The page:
Friday, December 01, 2006
We have engaged in the past political season in a debate whether journalists can ever hold their biases in abeyance in reporting the news. (cf. Eric Black.) In some sense, that debate needs to extend to academia. We are told to present both sides, but who among us wouldn't say, as erstwhile AHC founder Robert Paquette did, that �there are some explanations that are more powerful than others�? I continue to hold to the belief that both right- and left-wing centers should be created with recognition that the center's founding -- indeed, the founding of many colleges -- may start with a premise that some explanations are more powerful. Cf. any school founded by a religious organization.
The problems that arise in these debates aren't in asking the questions. It's in the failure of the debaters to recognize the rules of the debate, to agree to evidentiary standards and the rule of reason.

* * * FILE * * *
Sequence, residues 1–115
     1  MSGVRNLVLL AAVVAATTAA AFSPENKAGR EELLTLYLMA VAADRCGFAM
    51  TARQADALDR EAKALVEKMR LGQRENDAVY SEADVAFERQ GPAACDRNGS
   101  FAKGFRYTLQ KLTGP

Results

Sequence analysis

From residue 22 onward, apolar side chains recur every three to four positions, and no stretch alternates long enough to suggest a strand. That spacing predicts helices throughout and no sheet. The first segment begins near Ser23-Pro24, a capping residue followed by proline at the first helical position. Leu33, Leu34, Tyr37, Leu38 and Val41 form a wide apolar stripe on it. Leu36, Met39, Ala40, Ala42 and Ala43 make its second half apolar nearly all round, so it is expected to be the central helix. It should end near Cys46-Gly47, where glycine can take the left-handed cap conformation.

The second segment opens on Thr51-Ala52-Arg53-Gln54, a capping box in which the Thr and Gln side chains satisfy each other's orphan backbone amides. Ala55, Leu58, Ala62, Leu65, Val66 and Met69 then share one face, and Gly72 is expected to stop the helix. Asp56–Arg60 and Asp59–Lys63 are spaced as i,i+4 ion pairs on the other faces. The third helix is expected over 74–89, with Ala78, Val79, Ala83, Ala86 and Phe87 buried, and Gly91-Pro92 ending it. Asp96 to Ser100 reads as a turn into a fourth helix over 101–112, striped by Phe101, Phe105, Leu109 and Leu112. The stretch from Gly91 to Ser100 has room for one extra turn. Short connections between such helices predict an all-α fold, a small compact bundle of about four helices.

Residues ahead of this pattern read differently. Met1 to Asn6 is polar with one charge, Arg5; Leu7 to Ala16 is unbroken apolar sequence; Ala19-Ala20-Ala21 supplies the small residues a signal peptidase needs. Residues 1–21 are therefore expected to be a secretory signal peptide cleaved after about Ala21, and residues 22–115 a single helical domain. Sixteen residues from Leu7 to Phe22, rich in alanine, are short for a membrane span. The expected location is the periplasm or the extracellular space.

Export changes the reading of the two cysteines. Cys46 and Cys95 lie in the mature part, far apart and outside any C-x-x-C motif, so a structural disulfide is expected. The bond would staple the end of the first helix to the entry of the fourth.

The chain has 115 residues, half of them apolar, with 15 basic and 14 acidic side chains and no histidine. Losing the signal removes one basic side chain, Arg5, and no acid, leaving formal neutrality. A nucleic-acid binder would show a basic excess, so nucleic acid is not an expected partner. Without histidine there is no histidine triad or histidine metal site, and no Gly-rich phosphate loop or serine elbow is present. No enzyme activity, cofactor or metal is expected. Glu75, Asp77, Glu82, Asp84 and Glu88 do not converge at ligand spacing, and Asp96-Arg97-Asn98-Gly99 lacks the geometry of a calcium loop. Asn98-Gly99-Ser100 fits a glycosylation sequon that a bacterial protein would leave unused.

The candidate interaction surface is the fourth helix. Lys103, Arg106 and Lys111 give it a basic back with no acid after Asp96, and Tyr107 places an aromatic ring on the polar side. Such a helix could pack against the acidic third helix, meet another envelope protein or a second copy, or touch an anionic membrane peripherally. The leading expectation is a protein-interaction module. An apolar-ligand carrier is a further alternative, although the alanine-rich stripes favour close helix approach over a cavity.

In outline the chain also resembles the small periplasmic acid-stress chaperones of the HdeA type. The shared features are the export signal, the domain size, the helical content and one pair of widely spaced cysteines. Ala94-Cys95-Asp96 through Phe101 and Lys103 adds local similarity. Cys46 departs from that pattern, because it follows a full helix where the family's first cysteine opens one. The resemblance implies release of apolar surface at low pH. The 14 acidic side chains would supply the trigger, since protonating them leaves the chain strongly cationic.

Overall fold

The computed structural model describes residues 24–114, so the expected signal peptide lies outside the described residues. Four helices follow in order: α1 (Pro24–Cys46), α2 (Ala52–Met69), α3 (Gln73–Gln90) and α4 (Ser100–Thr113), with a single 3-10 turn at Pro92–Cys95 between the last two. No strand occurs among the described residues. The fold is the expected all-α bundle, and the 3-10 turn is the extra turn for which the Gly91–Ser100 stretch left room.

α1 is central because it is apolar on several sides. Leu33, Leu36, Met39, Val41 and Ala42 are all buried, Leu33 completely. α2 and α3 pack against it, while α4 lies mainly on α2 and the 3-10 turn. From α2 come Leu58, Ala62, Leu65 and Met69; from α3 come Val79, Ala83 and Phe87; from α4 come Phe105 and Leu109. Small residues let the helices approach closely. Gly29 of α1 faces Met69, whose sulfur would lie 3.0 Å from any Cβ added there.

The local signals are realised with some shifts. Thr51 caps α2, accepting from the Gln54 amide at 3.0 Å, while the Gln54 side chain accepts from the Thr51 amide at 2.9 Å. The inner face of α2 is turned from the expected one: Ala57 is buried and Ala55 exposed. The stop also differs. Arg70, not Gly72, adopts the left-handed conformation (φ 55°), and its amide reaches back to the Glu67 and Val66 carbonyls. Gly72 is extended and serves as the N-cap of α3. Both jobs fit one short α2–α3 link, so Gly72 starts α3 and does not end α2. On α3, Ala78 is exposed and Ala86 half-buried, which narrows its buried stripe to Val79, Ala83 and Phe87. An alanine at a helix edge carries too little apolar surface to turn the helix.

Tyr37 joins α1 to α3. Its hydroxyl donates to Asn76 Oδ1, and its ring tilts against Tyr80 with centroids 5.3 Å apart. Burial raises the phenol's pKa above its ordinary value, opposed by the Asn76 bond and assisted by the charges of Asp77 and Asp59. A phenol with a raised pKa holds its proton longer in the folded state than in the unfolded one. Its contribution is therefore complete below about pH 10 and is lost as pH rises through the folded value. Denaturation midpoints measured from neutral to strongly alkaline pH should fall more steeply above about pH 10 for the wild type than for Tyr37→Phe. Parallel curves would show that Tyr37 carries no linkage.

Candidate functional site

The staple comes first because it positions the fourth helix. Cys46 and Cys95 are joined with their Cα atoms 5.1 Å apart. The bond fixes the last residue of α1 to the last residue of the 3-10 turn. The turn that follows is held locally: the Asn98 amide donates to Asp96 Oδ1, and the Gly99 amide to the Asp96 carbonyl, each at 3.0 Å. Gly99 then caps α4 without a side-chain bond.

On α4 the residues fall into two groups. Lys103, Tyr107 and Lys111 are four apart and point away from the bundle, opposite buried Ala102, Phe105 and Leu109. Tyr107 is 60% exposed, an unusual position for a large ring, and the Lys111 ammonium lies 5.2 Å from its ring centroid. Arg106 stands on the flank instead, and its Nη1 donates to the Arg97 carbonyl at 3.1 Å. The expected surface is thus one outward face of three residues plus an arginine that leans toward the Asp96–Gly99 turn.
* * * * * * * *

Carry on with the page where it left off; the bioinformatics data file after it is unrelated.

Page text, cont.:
I might add a small disagreement with NAS president Steve Balch, who says that a lesson from this fiasco is that larger institutions will be easier places to hosts centers for the study of free institutions, something NAS has been pushing for a few years now. I don't think smaller institutions are necessarily barriers to entry for these centers; niches for creation of new centers can be stifled at larger schools or encouraged at smaller schools, depending both on the commitment to new ideas and the structure of faculty governance. The dean's behavior at Hamilton is simply craven, in reneging on a deal. The faculty senate's resolution could have been met with a statement that "we encourage all avenues of academic inquiry." The radar of the entrenched academic left is too sensitive on any campus to let the creation of a center go unnoticed. It requires administrators with a commitment to free inquiry to say no when faculty senates pass their silly resolutions to limit inquiry. (And those silly resolutions are why sometimes we in fact do work the ref.)